August 28, 2017
The Three Pastry Commandments
By Amanda Zimmerman, Pastry Alumna and Executive Pastry Chef at Gertrude’s
I started my career in foodservice in 2008 while attending college, where I was studying ministry and Spanish. During my time as a supervisor with Sodexo, the campus dining management group, I learned all the basics of food service, which prepared me to take a managerial position at a Barnes and Noble cafe in Baltimore after graduation. But plating pre-made pastries wasn’t enough. I wanted to make the pastries.
In 2015, after working there for three years, I was passed up on a promotion. Someone better qualified was hired for the position and I was left evaluating my options. I knew I wanted to go back to school, this time to learn how to make cakes. With the encouragement of my husband and mom, I started looking for schools in Maryland and discovered L’Academie de Cuisine.
My training from L’Academie equipped me to take the position of Executive Pastry Chef at Gertrude’s restaurant in the Baltimore Museum of Art, where I’m still happily working now. My pastry arts education comes into play every day, despite the fact that Gertrude’s is a Chesapeake Bay- style restaurant, not a French one. Understanding traditional French techniques influences how I put together dessert menus, which includes weekly specials, seasonal items, and weekend teas.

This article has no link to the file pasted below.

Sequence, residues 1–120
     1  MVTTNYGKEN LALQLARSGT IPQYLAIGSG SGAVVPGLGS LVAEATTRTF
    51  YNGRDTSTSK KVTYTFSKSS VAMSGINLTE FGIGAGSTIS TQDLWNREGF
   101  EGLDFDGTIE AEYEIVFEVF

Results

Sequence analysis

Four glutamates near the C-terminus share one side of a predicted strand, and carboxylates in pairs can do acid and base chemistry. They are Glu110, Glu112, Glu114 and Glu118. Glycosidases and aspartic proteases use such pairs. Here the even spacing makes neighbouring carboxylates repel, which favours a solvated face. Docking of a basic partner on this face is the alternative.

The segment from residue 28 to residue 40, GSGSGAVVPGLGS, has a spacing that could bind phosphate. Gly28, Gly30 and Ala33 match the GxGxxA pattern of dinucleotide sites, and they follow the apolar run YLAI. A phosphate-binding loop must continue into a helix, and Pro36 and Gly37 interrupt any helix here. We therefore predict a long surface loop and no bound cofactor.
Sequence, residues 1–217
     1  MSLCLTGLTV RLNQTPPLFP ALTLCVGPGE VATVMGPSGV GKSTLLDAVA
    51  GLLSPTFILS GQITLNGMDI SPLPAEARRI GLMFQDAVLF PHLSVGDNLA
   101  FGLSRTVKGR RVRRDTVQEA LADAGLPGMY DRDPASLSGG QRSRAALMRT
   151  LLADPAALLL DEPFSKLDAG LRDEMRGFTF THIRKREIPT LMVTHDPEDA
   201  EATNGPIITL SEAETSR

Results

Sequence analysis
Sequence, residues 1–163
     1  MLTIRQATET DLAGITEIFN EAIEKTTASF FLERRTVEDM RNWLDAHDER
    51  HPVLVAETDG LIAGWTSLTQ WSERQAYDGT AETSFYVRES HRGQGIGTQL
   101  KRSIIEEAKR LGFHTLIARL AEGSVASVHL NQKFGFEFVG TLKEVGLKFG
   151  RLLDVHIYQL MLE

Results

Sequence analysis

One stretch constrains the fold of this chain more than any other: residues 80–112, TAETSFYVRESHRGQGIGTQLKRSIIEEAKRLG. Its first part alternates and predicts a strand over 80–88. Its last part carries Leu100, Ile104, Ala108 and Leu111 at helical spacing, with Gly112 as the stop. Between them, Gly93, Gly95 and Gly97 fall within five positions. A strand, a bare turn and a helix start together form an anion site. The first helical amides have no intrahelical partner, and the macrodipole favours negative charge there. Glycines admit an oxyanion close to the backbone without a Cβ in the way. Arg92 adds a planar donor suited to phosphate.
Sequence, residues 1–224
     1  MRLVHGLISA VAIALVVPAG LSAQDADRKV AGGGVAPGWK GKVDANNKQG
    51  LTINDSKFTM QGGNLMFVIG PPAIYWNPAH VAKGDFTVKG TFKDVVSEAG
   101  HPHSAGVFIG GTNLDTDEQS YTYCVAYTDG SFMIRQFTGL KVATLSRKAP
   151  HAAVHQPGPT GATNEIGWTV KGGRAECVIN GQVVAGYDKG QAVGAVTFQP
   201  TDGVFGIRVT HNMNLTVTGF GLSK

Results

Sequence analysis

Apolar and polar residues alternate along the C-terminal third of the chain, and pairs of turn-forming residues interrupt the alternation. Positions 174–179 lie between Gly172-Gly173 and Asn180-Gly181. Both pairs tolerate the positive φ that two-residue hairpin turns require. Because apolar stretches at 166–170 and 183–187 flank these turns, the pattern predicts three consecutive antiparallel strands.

At the end of the day, my favorite thing to make is cakes. There’s so much to love: the different flavors, the mixing and matching of icings and fillings, the decorations like borders, fondant, gumpaste… the whole nine yards! Because of L’Academie’s curriculum, Gertrude’s now offers custom wedding cakes to clients that get married here, which was a service they were unable to provide until I joined the team.
Follow these three commandments of pastry patience and practice to achieve perfection:
1. Practice. Practice. Practice. Each time you ice a cake it will be smoother. Each time you write with chocolate it gets easier. Pastry is an art, and art takes skill that only comes from dedicated practice.
2. Be patient with yourself. It takes time to master the art of pastry and it can be frustrating, but the more you do it and the more time you spend refining your technique, the better you will become.
3. Be patient with the pastries. You cannot rush pastry. Timing is everything. Allow your cakes to bake fully, allow your macarons to set, and allow your bread to rest. It all takes time, but it’s all part of the beautiful process.